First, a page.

Well, today is official Happy Hockey Talk Day. And if you’ve read School of Block or The Cat Eye at all over the past 12 months, you know I’m a huge advocate of the mental and emotional, the motivational and inspirational aspects of goaltending. All too often these themes are buried and lost in the daily grind of fantasy notes, injury updates and trade offers.
Therefore, I’m proud to join Kukla’s new crusade by echoing his proclamation that today, December 1st, is the day to celebrate feel-good hockey stories. More specifically, it’s my firm belief that these stories are a great representation of what drives all goalies to play at their best and become more and more valuable.
The talent level in the NHL is so high that it often all comes down to the non-tangible aspects of the position. Things like reading the play, work ethic in practices and holding a lead is what separates a good goalie from a great goalie. So enjoy this handful of stories that encompass the true nature of Kukla’s theme, for the will to rise up victoriously can never be told the same way twice, nor will it ever die.
With a two-year contract fulfilled in Colorado, it was time for Jose Theodore to go after bigger and better things. Washington provided what he truly sought – a team looking for a starting goalie. That also meant more promise in the playoffs and a better opportunity, so off he went back to the Eastern Conference.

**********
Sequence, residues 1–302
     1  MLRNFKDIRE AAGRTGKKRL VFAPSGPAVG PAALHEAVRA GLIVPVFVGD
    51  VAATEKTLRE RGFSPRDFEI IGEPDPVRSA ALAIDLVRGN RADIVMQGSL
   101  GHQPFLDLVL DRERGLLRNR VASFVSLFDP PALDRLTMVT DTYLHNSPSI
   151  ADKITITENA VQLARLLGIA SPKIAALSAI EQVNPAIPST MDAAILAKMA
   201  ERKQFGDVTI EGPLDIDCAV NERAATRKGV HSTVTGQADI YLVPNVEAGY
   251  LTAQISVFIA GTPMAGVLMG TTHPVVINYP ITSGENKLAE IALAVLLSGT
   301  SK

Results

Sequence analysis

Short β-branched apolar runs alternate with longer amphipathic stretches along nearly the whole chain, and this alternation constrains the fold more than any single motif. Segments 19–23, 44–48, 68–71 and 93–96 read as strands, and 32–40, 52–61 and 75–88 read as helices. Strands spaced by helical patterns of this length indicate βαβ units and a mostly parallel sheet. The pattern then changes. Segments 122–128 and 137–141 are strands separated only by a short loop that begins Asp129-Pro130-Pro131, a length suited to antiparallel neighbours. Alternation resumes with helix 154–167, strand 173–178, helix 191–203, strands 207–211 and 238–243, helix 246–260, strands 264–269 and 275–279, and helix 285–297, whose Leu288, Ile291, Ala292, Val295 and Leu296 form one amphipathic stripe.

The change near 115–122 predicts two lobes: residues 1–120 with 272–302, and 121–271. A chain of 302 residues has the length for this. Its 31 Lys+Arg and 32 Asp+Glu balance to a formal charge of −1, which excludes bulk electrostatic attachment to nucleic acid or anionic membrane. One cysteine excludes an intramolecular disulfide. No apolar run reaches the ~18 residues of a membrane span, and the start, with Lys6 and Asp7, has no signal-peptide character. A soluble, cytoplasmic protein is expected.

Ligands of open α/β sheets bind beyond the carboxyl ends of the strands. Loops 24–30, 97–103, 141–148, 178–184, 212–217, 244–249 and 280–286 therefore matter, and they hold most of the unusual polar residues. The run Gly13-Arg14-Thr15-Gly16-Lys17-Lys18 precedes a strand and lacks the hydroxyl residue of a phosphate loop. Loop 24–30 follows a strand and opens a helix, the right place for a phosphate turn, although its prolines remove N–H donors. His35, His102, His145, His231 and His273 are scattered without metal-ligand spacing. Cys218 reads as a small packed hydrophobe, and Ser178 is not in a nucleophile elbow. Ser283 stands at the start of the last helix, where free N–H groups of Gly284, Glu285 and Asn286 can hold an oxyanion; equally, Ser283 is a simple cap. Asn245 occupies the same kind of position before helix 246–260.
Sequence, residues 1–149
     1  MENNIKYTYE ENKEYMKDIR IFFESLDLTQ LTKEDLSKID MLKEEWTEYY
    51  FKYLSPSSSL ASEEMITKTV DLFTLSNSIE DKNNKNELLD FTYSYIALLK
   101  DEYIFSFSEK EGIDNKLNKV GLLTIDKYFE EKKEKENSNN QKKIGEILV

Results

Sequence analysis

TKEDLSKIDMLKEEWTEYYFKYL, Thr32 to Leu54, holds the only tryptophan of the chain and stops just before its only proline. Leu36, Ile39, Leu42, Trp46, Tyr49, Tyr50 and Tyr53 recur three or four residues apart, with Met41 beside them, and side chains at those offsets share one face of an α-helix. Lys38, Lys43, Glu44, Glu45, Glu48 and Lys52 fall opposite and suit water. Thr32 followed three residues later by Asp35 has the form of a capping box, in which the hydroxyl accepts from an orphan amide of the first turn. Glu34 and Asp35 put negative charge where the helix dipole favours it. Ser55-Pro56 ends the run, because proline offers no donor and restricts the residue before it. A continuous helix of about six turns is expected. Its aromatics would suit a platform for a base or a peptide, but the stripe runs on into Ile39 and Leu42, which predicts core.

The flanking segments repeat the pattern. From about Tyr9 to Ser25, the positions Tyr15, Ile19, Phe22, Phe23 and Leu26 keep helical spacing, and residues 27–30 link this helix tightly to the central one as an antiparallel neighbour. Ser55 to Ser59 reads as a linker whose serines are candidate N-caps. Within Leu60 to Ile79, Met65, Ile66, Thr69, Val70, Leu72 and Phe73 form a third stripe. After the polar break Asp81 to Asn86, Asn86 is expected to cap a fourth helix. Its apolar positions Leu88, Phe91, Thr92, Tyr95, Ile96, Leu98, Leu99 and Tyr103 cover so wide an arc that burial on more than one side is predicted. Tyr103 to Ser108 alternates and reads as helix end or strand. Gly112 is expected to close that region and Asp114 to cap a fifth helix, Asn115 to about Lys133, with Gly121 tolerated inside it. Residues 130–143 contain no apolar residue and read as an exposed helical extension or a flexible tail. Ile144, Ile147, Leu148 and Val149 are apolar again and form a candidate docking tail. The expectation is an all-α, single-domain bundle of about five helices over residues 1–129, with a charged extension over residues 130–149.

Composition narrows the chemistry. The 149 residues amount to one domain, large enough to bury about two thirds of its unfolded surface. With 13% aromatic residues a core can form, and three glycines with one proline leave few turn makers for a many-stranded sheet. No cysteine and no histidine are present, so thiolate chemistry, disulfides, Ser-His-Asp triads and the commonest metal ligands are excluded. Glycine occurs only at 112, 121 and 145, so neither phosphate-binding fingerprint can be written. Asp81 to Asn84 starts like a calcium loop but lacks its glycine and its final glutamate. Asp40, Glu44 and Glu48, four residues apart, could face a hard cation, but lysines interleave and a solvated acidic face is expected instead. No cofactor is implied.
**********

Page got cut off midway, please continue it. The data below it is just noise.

But like a thorn still stuck in his eye, Theodore’s past remained a bothersome object of affliction. In fact many pundits had come to believe that too much off-ice drama caused him to lose a grip on his game, and in a way they were totally right. But all of those things overshadowed the key factor that, back in Colorado, he was re-acquainted with old-teammate-turned-goalie-coach, Jeff Hackett.
That not only resulted in a return to top form, but a great first-round playoff series win over Minnesota, one in which Theodore was monumental. But just like in Montreal, things came crumbling down in a hurry. This time it was in the form of the Detroit Red Wings, who swept Colorado handily in the semifinals.
You could consider this season’s first quarter another adjustment period for Theodore. Other than a few glimpses of brilliance peppered throughout October, he was really feeling the squeeze from Brent Johnson. But over the last week, Theodore has shown much more promise thanks to a great outing in a 4-3 loss to Minnesota followed up by an easy win against Atlanta.
With Theodore suddenly back on the rise, the stage was set for the biggest regular season game of his career, a second chance at revenge against Montreal. His first came on Oct. 21, 2006 and was a complete disaster. Just like his career in Montreal, it started off strong but ended horribly after he allowed five goals in the third period to the delight of ravenous fans and went on to suffer the 8-5 loss.
But in a Capitals uniform, his focus and sheer will to prove the pundits wrong resulted in a 28-save shutout over the Canadiens in a 3-0 win. So for Theodore to be at the culminating point of his career with a game and moment like that is to be a part of something bigger than his name. In that game, Theodore was a living glimpse of everything that makes goaltending inspirational.